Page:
New climate tool shows Utah’s record heat a result of climate change

Jul 18, 2022, 7:00 PM

dangerous heat study...

According to KSL meteorologist Kristen Van Dyke, the month of September didn't just break the record for being the hottest month in Salt Lake City, it shredded it. (Canva)


SALT LAKE CITY — Some climate scientists say Sunday’s record heat was not a random weather event, nor was it just the dog days of summer. They say it was an effect of climate change, according to a new climate tool.

A new climate tool

A New Jersey non-profit called Climate Central just developed what they call a Climate Shift Index, which measures how likely it was that any weather event is an effect of extra carbon pollution.

“We were able to say that temperatures you experienced yesterday (Sunday) in the Salt Lake City area were three times to, in some places, more than five times more likely due to climate change,” said Andrew Pershing, director of climate science for Climate Central.

A video on Climate Central’s website explains how the index compares the weather on any given day, in any given area, against the temperatures with a warmer planet.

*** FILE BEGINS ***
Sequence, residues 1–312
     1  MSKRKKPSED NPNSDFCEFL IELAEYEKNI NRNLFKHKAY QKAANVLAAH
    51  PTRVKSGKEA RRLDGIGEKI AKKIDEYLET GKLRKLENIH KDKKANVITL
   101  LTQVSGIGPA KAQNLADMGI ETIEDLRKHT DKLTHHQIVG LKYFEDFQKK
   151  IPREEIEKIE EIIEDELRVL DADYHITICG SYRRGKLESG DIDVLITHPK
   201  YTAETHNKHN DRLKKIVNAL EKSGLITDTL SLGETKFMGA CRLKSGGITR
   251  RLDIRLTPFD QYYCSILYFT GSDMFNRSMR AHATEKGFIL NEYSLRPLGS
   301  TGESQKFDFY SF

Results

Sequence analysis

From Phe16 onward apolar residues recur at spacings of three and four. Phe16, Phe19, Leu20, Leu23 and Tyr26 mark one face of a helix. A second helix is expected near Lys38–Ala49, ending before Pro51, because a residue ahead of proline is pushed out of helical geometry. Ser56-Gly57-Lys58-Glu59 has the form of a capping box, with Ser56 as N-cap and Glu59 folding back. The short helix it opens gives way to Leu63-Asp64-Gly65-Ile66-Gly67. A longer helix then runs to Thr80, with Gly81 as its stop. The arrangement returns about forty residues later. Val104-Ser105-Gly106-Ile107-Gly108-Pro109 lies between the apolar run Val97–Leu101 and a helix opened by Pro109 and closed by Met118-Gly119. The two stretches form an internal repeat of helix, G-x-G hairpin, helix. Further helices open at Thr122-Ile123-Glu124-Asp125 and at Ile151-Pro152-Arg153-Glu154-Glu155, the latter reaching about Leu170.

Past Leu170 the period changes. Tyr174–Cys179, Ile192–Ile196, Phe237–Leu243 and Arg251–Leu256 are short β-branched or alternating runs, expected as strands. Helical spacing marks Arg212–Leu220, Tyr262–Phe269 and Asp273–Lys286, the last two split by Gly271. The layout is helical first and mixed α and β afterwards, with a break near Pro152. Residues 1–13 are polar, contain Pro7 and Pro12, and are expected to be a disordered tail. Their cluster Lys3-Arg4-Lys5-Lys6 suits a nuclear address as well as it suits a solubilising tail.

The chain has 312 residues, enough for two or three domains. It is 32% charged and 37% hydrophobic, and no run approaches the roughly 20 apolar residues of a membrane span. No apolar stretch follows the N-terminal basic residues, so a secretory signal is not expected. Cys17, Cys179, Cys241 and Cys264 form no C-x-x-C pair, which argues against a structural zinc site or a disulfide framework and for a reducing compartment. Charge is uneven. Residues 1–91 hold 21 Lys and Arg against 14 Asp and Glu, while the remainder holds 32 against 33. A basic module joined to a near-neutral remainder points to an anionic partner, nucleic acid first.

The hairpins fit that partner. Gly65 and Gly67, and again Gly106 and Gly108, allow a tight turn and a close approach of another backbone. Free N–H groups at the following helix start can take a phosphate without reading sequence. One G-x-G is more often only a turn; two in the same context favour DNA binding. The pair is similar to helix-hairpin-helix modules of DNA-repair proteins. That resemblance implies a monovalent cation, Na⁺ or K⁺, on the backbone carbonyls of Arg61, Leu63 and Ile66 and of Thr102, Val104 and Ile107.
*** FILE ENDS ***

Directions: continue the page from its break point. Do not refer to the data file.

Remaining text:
“The Climate Shift Index compares how often a given temperature will occur in our current climate, with the frequency of that temperature in climate without global warming,” the video states.

Sunday’s high was 107 degrees in Salt Lake City. Sunday overnight’s low into Monday was 79 degrees.

The Climate Shift Index gave Sunday’s high temperatures in parts of northern Utah a score of 5. That is the highest possible, on the index, as seen in this dark red portion selected from the date of July 17.

Pershing said the warming trends at night in Utah are an even bigger signal.

“Where you’re in the 70s and 80’s at night, like that’s super unusual,” he said.

Be prepared

These warm temperatures, he says, is how climate change is showing up for us Utah, and will continue.

He suggests that Utah needs to take note to be prepared, with everything from our are homes to our energy grids.

“The buildings that you live in, do you have adequate air conditioning to deal with heat like that that’s going to become more persistent and more common,” he said.


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New climate tool shows Utah’s record heat a result of climate change